Chances of and challenges to reaching an agreement between both sides
Potential scenarios for the future of the negotiations between Somalia and Somaliland
Despite the announcement of the failure of the recent Djibouti-hosted meeting to reach an agreement on the main issue between the two sides, namely the attainment of independence by Somaliland, the prospects of those negotiations continue to be open over the period ahead. The relevant scenarios can be outlined as follows:
First scenario: continuation of the negotiation rounds and success in reaching an agreement regarding some of the secondary issues, with the implicit de facto rather than de jure recognition of Somaliland or according to an agreement signed by both parties. This scenario is currently considered the strongest and most likely due to the insistence by the Somali government on the unity of the country and its fear of the disintegration of the Somali state, in addition to the relative lack of international and regional desire to shake the regional stability in the Horn of Africa region.
Several factors contribute to the materialization of this scenario, including the continuous international calls for the resumption of the state of dialogue and negotiation between Somalia and Somaliland, the acquisition by the latter of some advantages as a result of the negotiations, and the deferral of the idea of attaining independence and recognition to a forthcoming stage. However, this scenario will be difficult to materialize if both sides continue to be obstinate regarding reaching a comprehensive settlement. This would mean the collapse of the negotiations and insistence by Somaliland on gaining independence from the Somali state.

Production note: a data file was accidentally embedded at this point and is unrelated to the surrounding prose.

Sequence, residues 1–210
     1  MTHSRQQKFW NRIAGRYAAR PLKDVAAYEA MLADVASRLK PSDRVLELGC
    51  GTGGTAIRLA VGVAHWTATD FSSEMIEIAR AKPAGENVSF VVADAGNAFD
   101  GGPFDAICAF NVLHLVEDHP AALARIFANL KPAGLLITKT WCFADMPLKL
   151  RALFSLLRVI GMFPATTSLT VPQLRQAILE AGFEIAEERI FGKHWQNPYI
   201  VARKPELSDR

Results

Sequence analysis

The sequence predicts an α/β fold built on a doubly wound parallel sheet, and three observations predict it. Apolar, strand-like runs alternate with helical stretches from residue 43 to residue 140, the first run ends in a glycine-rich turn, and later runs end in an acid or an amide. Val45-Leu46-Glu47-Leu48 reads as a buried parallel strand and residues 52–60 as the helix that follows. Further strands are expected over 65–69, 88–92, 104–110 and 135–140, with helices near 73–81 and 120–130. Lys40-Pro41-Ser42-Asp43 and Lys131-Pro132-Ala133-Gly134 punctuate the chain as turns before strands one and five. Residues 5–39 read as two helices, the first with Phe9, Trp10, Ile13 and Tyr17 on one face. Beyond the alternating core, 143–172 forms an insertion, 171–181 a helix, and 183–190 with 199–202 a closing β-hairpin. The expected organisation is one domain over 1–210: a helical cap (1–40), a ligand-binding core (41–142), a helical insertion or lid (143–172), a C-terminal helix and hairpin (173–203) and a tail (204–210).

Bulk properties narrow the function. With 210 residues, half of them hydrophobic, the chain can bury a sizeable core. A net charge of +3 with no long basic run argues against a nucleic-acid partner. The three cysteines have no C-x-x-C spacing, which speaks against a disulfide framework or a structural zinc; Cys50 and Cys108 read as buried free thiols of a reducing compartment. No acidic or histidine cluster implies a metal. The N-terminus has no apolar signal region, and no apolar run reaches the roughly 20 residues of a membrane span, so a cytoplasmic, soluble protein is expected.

Second scenario: the attainment by Somaliland of recognition by the Somali central government: this scenario is considered the least likely due to the state of strict rejection adopted by the Mogadishu government in this respect, which resulted in the failure of the recent meeting in Djibouti. It could also enhance the likely faltering of the resumption of negotiations in the period ahead and the failure by Somaliland to mobilize international support to back it in its demands.
This scenario may materialize in case of increasing international and regional pressures on the Somali government to recognize Somaliland as an independent state and the success of the next negotiations between both sides in achieving their disengagement. However, this scenario could be difficult to materialize due to the continued adherence by the central government in Mogadishu to the unity option for fear of the disintegration of the Somali state and the rise of other separatist trends in the country in addition to the failure by Somaliland in garnering international support to recognize it as an independent and sovereign state.